Kimchi and Hot Dogs

kimchi-hot-dogs

I love kimchi. I hadn’t thought about making it myself in years. I would always just buy a jar or eat it only in Korean restaurants.

When I was a kid, my Dad tried some kimchi making experiments. I remember an enormous jar, and trips to the Korean grocer. I remember a funky smell. I remember grinding his hot pepper powder for him and getting a bunch up my nose. I sneezed so many times I lost count.

A while back a friend made me a jar of kimchi in return for a jar of pickles I made her. It was so crunchy and gingery and awesome that I asked for the recipe. Since I’m no kimchi expert I thought I would share it with you. It is a great recipe for classic Napa cabbage kimchi courtesy of Chowhound. I’m extremely happy with the results and the process is so straightforward that I will probably riff on it in the coming months.

Kimchi is great with rice or in Bibimbap or any number of traditional Korean dishes of course. Of course.

But, like any great condiment it is actually delicious on all kinds of things you might not normally associate with kimchi. It’s sour and spicy and crunchy. It’s great on nachos, scrambled eggs, anywhere you would put a slaw, in tacos, with roasted chicken, on top of soup. I could go on.

My current favorite thing to do with kimchi is put a whole lot of it on a hot dog. Well okay, these are veggie dogs I’ll admit. But I know it would also be good on the traditional variety.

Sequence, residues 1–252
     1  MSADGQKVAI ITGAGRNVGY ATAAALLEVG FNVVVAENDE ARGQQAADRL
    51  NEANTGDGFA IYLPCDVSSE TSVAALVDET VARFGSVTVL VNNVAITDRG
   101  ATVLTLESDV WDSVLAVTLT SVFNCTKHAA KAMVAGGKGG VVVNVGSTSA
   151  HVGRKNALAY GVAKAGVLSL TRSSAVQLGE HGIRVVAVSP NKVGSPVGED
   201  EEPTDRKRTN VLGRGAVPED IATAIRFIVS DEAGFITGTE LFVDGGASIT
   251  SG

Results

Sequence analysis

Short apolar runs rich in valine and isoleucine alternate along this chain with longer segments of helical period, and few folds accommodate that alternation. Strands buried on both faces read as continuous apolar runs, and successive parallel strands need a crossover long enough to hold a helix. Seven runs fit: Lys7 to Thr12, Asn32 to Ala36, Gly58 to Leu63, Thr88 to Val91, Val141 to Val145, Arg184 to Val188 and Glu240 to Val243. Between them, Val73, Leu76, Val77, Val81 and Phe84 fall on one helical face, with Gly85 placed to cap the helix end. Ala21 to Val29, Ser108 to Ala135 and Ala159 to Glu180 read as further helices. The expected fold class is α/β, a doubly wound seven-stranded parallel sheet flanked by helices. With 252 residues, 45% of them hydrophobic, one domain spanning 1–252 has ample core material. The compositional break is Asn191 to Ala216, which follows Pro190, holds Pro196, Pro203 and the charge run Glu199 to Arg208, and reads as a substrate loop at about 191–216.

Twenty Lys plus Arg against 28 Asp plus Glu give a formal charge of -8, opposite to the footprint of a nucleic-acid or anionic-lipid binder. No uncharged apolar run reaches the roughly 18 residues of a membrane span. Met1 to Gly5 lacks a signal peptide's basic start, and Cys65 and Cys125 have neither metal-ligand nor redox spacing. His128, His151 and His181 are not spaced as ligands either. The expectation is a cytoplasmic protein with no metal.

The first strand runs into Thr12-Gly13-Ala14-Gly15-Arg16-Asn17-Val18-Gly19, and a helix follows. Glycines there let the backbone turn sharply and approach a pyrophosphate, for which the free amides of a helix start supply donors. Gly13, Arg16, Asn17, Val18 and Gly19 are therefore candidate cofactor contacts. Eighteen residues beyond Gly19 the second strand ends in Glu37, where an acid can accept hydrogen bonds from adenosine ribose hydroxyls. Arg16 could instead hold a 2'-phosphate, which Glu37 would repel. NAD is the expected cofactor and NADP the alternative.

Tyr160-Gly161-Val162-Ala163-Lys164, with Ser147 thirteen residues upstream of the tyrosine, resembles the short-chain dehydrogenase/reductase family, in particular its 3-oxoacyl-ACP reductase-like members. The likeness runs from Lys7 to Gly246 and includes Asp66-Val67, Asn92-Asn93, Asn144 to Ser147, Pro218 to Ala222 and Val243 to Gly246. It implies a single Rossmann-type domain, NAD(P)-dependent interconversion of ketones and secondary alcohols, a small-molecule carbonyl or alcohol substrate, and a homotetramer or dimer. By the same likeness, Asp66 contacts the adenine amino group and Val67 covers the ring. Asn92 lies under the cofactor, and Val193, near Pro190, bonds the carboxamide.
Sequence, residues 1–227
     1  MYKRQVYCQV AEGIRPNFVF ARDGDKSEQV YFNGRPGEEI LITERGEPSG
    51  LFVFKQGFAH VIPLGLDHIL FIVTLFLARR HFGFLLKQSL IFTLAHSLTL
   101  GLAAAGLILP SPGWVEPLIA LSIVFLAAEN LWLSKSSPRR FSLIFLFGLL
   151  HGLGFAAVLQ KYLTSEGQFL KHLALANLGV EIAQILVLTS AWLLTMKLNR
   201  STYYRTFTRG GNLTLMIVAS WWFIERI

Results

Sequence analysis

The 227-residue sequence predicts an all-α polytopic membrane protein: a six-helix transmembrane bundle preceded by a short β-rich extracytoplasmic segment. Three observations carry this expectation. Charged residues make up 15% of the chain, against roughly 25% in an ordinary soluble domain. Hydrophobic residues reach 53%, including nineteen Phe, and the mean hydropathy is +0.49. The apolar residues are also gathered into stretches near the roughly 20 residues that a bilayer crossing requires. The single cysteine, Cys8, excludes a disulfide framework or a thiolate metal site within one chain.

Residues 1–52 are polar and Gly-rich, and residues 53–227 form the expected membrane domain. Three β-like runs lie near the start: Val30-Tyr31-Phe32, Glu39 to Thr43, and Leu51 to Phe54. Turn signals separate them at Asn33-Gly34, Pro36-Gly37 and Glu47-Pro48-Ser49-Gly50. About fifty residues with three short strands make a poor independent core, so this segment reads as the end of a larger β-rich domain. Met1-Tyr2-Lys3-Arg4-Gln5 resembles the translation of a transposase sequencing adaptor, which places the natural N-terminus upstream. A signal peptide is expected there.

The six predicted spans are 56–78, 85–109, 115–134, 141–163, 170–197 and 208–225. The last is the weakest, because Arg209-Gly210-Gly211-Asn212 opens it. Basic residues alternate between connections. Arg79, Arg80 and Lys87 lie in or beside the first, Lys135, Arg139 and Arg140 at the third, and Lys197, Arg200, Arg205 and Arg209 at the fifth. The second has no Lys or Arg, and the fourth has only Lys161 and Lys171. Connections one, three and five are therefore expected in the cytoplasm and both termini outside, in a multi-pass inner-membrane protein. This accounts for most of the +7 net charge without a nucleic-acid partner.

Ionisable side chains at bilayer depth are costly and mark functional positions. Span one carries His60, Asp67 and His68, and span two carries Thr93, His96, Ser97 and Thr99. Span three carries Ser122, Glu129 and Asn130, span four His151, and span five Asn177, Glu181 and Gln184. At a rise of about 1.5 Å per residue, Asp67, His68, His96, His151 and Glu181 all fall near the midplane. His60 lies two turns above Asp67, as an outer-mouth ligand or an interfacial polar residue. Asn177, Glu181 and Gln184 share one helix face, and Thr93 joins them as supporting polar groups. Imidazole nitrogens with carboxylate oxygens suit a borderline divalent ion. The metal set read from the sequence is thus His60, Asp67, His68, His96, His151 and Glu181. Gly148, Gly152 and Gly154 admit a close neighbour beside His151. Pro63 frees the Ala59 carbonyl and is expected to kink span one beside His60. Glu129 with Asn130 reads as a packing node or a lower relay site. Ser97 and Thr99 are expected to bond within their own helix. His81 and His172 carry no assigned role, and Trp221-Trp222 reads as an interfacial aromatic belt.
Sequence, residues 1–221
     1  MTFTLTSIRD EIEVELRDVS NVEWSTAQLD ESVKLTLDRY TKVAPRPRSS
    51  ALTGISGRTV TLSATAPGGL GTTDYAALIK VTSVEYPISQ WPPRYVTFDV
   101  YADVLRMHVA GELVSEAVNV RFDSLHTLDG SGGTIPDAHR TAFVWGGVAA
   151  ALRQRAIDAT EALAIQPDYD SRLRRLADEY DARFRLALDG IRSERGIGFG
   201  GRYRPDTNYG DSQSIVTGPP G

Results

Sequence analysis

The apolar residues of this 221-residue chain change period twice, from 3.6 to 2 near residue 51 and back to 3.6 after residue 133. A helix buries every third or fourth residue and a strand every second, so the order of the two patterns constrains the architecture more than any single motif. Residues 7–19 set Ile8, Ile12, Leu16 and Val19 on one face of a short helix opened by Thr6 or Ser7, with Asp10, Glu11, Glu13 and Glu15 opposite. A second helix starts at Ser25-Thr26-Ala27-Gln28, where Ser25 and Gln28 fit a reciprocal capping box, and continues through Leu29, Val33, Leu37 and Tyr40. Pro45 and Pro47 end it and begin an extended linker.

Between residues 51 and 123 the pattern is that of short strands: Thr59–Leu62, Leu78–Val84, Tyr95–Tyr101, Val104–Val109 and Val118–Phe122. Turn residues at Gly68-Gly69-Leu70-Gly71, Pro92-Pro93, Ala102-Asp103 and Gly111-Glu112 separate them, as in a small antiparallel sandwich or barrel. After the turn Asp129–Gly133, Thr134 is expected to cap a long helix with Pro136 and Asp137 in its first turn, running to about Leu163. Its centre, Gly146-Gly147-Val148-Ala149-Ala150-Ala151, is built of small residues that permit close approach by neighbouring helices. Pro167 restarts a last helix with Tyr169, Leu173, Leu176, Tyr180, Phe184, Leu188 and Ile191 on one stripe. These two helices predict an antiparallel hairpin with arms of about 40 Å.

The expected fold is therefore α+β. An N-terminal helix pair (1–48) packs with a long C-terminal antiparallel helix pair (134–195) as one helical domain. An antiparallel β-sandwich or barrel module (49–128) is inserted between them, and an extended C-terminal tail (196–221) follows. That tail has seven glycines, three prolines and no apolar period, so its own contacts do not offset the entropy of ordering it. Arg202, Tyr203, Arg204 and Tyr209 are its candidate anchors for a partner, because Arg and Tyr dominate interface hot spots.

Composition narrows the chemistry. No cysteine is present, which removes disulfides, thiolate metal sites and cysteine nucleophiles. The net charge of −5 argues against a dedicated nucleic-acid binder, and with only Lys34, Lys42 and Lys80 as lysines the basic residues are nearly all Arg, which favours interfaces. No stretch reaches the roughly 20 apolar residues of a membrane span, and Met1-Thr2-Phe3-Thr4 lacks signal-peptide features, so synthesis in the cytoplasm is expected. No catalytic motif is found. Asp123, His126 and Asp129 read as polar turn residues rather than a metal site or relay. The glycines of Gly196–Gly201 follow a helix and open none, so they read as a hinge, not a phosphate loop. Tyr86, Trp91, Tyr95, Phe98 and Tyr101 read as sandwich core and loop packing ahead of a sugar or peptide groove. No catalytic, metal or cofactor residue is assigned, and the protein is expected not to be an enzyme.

You really have to pile it on. Add some mayonnaise mixed with Sriracha as well for maximum effect. Dig in!

Below is a slightly adapted version of the Chowhound version.


Napa Kimchi
Print Recipe
An adaptation of a basic napa cabbage kimchi recipe.
Servings
2 liters
Servings
2 liters
Napa Kimchi
Print Recipe
An adaptation of a basic napa cabbage kimchi recipe.
Servings
2 liters
Servings
2 liters
Ingredients
  • 1 napa cabbage (approximately 2 lb)
  • 1/2 cup kosher salt
  • 1 daikon radish peeled and cut into matchsticks
  • 4 scallions cut into 1/2 inch pieces
  • 1/3 cup Korean red pepper powder
  • 1/4 cup fish sauce
  • 1/4 cup fresh ginger peeled and finely chopped
  • 6 cloves garlic finely chopped
  • 1 1/2 tsp sugar
  • 2 tsp Korean salted shrimp finely chopped (optional)
Instructions
  1. Cut the cabbage in half lengthwise, then crosswise into 2-inch pieces, discarding the root end. Place in a large bowl, sprinkle with the salt, and toss with your hands until the cabbage is coated. Add enough cold water to just cover (about 12 cups), making sure the cabbage is submerged but it's okay of some leaves poke out.
  2. Cover with plastic wrap or a baking sheet and let sit at room temperature at least 12 hours and up to 24 hours to get nice and salty and preserved.
  3. Drain the cabbage, by pouring the cabbage into a colander and rinse with cold water to get the excess salt off. Gently squeeze out the excess liquid and transfer to a bowl; set aside.
  4. Place the remaining ingredients in a large bowl and stir to combine.
  5. Add the cabbage and toss with your hands until evenly combined and the cabbage is thoroughly coated with the mixture.
  6. Pack the mixture tightly into a clean 2-liter glass jar with a tight-fitting lid and seal the jar.
  7. Let sit in a cool, dark place for 24 hours (the mixture may bubble). Open the jar to let the gases escape, then reseal and refrigerate at least 48 hours before eating (kimchi is best after fermenting about 1 week). Refrigerate for up to 1 month.

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Leanne Brown

Hi! I'm Leanne Brown, a home cook in Brooklyn by way of Canada. I write cookbooks, like the one below!

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